Air Transport World

Declaration of Independence: Atlantic Coast Airlines launches a revolution.(Profile)

Parliament and King George never intended to spark a revolution among the American colonials; they merely wanted them to recognize the sovereignty of the Crown and to pay what they considered to be a fair share of the cost of defending the place. Likewise, when United Airlines started putting the financial squeeze on Atlantic Coast Airlines, it had no wish to shed its codeshare partner, which provides valuable feed to UA's transatlantic hub at Washington Dulles International Airport. It simply wanted ACA to accept that the world had changed and that the current fee-per-departure contract, under which ACA enjoyed a 16% operating margin last year, no longer was tenable.

Instead, it got a revolution. Last July, frustrated at being held hostage to United's bankruptcy reorganization process, ACA announced its intention to withdraw from the United Express network and create its own low-fare airline using the aircraft and gates it currently employs to feed the Major. The name of the proposed carrier says it all: Independence Air.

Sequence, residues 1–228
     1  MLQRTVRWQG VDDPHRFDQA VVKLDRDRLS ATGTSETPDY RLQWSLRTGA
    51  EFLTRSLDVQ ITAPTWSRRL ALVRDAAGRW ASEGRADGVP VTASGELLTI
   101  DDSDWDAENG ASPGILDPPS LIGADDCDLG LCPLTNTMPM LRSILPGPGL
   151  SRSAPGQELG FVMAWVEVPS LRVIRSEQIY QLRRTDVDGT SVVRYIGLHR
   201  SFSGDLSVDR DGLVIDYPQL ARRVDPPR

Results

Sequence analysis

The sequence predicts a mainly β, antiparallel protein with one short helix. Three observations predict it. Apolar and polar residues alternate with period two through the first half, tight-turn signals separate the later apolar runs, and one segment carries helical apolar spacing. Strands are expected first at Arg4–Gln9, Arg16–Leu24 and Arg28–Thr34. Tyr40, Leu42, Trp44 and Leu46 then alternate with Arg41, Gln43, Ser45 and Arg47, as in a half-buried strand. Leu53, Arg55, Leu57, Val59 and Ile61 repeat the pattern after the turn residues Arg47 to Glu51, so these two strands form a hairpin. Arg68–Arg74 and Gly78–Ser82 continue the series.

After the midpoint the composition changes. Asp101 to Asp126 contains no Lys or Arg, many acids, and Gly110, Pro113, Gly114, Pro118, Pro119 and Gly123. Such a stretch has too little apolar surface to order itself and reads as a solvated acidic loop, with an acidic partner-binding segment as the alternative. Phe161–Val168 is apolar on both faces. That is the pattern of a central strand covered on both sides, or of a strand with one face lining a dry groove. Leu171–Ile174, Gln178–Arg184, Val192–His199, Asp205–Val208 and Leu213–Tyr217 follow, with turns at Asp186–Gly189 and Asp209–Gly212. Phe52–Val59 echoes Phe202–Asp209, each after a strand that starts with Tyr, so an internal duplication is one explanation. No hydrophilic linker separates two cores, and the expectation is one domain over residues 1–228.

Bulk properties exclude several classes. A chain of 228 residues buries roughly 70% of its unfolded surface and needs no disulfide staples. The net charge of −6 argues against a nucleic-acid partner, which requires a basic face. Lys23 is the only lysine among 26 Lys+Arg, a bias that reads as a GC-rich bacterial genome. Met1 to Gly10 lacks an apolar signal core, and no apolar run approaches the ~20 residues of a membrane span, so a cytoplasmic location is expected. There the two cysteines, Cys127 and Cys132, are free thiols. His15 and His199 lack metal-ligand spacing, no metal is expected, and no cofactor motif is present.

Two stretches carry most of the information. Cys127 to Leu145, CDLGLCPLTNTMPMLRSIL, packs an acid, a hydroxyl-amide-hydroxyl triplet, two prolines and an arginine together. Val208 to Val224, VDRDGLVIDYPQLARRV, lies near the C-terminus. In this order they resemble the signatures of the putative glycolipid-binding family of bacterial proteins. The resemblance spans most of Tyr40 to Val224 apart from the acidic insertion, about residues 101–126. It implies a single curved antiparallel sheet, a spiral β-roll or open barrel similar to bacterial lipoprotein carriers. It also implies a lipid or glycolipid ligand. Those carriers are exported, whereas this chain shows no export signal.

It's a bold move. ACA currently generates 85% of its revenues from its flying on behalf of United, with the remainder coming from a similar but more limited relationship with Delta Air Lines that will continue. ACA not only must establish an identity in the community, it must resume the marketing, scheduling, pricing and revenue and inventory management functions largely handled by UA since 2000. Adding to the challenge is the fact that hitherto, no Regional has attempted to transform itself into a low-fare carrier nor has any airline tried to provide a low-cost product with large numbers of 50-seat regional jets, which are not known for their seat-mile economics. …

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